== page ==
Steve BestBoth the first two acts were new to us but, last on for the night was Steve Best, whom we had seen twice before. In a sense it was a shame that he and Harriet were on the same bill as they both have a very manic approach to their comedy. However, Steve is a sure-fire, super confident winning comic; littering his speech with throwaway meaningless lines that build up over the course of the act to overwhelm you with the utter silliness of it all – and it’s also very funny. He has a surprisingly fine aptitude for a spot of magic – which you’re definitely not expecting – and what he can do with a long balloon is nobody’s business. He completely nailed it – the evening, not the balloon.

There’s another Screaming Blue in two weeks’ time – unfortunately, we can’t go, but you can have our seats!

Review – Screaming Blue Murder, Underground, Derngate, Northampton, February 17th 2012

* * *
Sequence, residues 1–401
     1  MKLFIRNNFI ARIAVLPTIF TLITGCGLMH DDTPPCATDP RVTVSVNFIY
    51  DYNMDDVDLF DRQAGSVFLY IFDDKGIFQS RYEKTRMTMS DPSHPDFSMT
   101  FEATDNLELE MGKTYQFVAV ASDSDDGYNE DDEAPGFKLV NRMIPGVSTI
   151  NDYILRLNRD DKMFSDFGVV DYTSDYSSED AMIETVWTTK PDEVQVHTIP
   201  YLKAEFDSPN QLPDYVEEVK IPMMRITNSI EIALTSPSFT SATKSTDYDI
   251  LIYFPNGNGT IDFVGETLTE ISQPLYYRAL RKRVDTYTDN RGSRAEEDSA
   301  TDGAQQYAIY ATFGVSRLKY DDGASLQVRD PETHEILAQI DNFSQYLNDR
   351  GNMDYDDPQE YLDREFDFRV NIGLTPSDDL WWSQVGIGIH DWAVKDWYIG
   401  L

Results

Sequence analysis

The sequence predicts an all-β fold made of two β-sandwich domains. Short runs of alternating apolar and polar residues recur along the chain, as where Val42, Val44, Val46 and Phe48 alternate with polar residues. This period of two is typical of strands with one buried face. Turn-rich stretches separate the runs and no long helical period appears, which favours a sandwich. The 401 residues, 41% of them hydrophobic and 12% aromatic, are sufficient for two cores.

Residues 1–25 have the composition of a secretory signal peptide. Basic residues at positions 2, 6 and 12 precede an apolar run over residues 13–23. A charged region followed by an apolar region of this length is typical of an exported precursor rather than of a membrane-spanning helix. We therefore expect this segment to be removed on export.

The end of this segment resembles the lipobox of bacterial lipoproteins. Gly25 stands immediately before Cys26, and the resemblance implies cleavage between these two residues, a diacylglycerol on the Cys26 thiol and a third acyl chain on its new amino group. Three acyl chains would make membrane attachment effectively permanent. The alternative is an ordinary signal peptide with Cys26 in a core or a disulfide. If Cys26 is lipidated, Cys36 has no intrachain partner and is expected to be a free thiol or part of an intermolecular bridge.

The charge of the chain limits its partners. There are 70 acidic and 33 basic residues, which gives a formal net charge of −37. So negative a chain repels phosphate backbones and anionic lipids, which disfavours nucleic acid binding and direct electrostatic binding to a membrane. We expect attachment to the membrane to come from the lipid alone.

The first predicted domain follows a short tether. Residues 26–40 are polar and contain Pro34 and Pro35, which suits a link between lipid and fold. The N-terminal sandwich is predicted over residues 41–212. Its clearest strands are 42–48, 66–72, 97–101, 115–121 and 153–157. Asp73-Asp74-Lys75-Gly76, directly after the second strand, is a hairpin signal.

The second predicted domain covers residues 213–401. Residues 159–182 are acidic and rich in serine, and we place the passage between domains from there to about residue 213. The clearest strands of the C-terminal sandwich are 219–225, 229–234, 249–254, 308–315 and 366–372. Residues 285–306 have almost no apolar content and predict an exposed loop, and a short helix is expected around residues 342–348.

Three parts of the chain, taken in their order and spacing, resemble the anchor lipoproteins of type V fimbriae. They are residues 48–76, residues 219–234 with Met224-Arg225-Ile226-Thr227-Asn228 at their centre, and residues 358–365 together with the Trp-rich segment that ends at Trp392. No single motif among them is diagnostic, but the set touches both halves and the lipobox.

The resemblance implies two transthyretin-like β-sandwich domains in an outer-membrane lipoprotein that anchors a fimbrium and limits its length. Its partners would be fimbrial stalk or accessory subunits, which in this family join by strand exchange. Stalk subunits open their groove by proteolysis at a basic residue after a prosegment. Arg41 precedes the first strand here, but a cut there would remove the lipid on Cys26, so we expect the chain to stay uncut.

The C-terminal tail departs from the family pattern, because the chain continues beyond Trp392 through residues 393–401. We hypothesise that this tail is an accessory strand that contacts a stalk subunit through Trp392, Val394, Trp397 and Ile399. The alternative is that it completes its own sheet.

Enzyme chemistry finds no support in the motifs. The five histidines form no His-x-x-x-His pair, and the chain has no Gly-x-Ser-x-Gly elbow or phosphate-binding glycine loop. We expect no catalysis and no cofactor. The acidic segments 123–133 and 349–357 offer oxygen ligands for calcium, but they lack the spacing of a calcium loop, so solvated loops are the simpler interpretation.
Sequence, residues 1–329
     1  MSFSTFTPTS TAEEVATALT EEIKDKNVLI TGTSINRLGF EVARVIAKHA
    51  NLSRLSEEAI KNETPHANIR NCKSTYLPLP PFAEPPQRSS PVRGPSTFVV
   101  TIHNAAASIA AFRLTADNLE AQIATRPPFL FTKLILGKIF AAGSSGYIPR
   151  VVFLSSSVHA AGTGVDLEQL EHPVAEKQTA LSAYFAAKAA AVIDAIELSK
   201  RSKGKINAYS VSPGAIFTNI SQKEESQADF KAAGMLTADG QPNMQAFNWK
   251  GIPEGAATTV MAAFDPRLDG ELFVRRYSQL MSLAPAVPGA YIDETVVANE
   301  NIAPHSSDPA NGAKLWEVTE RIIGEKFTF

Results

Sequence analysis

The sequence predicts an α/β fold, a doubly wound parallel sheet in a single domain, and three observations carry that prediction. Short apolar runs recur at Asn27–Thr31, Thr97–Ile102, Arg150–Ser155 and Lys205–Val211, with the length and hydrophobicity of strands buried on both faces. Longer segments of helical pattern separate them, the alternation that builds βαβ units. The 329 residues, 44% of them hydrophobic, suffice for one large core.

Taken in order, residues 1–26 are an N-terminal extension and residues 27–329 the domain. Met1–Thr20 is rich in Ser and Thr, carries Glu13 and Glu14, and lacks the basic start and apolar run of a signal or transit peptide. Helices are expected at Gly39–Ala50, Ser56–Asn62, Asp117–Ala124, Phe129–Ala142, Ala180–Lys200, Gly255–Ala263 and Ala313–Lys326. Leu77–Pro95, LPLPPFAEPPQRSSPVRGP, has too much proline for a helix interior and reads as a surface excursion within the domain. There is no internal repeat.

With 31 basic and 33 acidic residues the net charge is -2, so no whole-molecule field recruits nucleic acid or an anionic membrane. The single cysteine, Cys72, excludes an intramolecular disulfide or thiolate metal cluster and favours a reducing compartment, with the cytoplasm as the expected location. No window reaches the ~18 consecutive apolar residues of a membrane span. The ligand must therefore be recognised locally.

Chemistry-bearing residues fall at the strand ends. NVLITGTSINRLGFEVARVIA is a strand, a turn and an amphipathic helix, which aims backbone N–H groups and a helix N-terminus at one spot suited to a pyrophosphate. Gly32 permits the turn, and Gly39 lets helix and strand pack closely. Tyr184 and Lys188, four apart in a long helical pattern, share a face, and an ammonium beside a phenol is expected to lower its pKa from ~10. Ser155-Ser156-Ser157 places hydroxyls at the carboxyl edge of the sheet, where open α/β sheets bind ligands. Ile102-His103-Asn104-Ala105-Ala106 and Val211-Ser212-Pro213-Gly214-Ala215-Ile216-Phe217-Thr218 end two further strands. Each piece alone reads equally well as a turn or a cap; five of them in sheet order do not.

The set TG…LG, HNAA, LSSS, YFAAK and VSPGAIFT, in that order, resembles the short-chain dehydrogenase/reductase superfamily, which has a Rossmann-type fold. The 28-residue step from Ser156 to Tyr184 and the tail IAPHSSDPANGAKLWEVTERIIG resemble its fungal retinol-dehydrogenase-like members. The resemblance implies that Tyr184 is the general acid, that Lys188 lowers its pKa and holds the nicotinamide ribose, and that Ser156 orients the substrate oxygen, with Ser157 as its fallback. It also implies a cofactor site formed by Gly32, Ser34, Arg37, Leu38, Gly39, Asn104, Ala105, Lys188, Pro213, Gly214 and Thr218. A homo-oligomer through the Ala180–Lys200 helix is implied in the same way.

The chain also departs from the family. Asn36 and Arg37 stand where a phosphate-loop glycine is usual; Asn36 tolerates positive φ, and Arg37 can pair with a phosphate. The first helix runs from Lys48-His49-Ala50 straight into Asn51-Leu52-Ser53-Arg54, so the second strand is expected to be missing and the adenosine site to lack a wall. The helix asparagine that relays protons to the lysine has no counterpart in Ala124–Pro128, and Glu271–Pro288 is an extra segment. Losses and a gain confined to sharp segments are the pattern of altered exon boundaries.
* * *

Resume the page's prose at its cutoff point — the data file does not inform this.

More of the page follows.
Kevin Dewsbury

Another very full house last Friday night to enjoy the usual selection of three comics, two intervals and one compere, who this time was Kevin Dewsbury. He compered here last June, was excellent then and was excellent this time too. He has a very relaxed style of humour, coming across as rather caring and kindly, but still with very good material with proper punch lines! He did repeat a bit from last time, but it’s entertaining stuff and we enjoyed hearing it again. I love his observations about pompous people who speak normal English but then go into a silly foreign accent when they say “Sarkozy” or “Reichstag”. Guilty as charged.